New York middle schoolers were baffled by a state standardized test that included questions based on a story . . . in which a talking pineapple challenges a hare to a race in an enchanted forest, then fails to move and is eaten by animals. “The story seems to have been written,” said Jeopardy! champion Ken Jennings, “during a peyote trip.”
(Harpers Magazine, Weekly Review, April 23, 2012)
(Here's the pineapple story, followed by the test questions.)
"The Hare and the Pineapple" (by Daniel Pinkwater)
In olden times, the animals of the forest could speak English just like you and me. One day, a pineapple challenged a hare to a race. (I forgot to mention, fruits and vegetables were able to speak too.) A hare is like a rabbit, only skinnier and faster. This particular hare was known to be the fastest animal in the forest. “You, a pineapple have the nerve to challenge me, a hare, to a race,” the hare asked the pineapple. “This must be some sort of joke.” “No,” said the pineapple. “I want to race you. Twenty-six miles, and may the best animal win." "You aren't even an animal!" the hare said. “You're a tropical fruit!" “Well, you know what I mean,” the pineapple said. The animals of the forest thought it was very strange that a tropical fruit should want to race a very fast animal. "The pineapple has some trick up its sleeve," a moose said. Pineapples don't have sleeves, an owl said. "Well, you know what I mean,” the moose said. "If a pineapple challenges a hare to a race, it must be that the pineapple knows some secret trick that will allow it to win.”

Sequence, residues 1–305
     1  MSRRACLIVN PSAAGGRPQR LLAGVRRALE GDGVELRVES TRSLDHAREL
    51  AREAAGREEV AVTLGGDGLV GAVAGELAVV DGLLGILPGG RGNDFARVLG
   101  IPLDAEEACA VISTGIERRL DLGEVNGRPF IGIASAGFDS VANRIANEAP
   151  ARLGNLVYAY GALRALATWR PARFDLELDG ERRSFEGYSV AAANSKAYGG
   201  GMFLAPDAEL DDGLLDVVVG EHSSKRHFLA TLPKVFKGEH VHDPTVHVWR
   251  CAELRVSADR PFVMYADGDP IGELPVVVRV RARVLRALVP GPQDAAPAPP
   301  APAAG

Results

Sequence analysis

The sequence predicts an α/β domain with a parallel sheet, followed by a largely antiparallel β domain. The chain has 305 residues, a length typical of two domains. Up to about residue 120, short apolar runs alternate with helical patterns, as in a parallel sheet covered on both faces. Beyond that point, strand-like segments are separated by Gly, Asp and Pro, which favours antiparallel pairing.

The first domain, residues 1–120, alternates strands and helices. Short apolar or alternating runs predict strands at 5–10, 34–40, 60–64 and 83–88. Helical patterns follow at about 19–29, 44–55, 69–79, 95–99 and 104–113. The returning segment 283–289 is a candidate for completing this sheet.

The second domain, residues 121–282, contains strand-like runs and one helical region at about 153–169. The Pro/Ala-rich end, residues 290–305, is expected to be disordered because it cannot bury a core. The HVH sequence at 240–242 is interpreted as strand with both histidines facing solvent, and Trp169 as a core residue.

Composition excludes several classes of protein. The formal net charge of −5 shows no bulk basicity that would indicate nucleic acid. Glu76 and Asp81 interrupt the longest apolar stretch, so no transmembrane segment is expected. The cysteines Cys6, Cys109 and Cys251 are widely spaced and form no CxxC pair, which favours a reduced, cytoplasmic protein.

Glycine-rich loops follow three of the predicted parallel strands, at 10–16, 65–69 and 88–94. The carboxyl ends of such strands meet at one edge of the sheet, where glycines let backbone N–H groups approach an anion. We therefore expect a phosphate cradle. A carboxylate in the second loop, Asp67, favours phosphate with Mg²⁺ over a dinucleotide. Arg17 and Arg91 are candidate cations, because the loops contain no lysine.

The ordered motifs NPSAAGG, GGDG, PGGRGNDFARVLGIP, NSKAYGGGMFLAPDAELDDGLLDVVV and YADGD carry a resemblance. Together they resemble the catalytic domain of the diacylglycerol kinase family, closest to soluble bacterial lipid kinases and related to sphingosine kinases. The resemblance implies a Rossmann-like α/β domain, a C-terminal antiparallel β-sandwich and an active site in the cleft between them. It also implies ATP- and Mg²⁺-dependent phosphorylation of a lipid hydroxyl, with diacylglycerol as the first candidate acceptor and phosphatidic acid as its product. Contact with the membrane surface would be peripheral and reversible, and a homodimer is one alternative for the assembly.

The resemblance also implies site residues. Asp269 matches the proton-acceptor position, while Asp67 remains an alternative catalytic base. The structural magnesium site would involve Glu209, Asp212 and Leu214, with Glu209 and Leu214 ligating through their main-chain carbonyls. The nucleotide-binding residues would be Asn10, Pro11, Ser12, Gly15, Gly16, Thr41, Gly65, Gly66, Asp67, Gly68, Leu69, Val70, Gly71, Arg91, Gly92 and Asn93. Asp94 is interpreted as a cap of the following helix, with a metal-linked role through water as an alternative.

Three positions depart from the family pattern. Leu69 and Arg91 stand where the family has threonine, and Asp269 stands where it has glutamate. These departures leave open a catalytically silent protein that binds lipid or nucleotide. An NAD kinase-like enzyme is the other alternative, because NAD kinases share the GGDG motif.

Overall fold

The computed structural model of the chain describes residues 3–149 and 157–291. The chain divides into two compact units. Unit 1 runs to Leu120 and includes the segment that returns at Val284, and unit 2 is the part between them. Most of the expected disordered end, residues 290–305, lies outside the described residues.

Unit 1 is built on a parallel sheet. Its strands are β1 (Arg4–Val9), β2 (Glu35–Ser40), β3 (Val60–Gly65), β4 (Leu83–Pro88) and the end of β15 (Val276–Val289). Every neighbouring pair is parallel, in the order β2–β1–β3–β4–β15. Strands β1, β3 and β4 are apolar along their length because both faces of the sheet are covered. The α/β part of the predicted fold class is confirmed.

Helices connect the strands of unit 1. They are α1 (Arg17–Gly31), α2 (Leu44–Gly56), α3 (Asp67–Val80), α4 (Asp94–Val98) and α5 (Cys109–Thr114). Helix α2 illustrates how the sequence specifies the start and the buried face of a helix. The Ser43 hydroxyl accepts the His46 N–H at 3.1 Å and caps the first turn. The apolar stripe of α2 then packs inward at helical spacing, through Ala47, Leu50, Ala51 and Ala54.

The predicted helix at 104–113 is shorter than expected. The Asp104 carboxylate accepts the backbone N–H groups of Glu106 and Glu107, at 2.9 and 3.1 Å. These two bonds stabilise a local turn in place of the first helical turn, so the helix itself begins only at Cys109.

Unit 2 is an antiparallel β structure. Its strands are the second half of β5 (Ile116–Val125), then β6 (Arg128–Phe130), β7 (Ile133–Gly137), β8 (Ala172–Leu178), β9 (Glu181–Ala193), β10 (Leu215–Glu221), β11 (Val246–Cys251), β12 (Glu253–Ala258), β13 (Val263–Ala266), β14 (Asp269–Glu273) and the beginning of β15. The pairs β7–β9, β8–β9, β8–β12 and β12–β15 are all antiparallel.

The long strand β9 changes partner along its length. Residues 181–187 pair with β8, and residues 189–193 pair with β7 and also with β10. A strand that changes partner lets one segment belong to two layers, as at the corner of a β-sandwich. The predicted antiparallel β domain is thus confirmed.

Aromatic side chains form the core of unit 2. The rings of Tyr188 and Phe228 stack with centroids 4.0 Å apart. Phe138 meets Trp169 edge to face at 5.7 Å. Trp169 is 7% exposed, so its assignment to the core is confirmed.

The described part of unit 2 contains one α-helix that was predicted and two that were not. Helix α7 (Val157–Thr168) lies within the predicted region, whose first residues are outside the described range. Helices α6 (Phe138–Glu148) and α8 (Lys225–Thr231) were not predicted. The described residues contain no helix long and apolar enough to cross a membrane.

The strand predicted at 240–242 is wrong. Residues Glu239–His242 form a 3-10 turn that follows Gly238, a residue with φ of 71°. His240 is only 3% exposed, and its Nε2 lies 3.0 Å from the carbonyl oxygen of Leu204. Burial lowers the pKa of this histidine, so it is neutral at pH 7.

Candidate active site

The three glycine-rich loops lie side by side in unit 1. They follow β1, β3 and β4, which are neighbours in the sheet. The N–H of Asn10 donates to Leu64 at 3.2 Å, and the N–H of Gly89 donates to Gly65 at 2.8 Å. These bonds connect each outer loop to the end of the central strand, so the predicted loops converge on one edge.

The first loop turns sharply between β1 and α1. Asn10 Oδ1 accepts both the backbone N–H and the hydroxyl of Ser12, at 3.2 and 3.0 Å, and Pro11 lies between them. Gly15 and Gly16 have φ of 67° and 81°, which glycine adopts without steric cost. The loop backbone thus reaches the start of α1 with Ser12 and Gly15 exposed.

"The pineapple probably expects us to root for the hare and then look like fools when it loses,” said a crow. “Then the pineapple will win the race because the hare is overconfident and takes a nap, or gets lost, or something.” The animals agreed that this made sense. There was no reason a pineapple should challenge a hare unless it had a clever plan of some sort. So the animals, wanting to back a winner, all cheered for the pineapple. When the race began, the hare sprinted forward and was out of sight in less than a minute. The pineapple just sat there, never moving an inch. The animals crowded around watching to see how the pineapple was going to cleverly beat the hare. Two hours later when the hare cross the finish line, the pineapple was still sitting still and hadn't moved an inch. The animals ate the pineapple.
MORAL: Pineapples don't have sleeves
1. In what order are the events in the story told?
A) switching back and forth between places
B) In the order in which the events happen
C) Switching back and forth between the past and the present
D) In the order in which the hare tells the events to another animal
2. The animals ate the pineapple most likely because they were:
3. Which animal spoke the wisest words?
A) The hare
B) The moose
C) The crow
D) The owl
4. Before the race, how did the animals feel toward the pineapple?
5. What would have happened if the animals had decided to cheer for the hare?
A) The pineapple would have won the race.
B) They would have been mad at the hare for winning.
C) The hare would have just sat there and not moved.
D) They would have been happy to have cheered for a winner.
6. When the moose said that the pineapple has some trick up its sleeve, he means that the pineapple:
A) is wearing a disguise
B) wants to show the animals a trick
C) has a plan to fool the animals
D) is going to put something out of its sleeve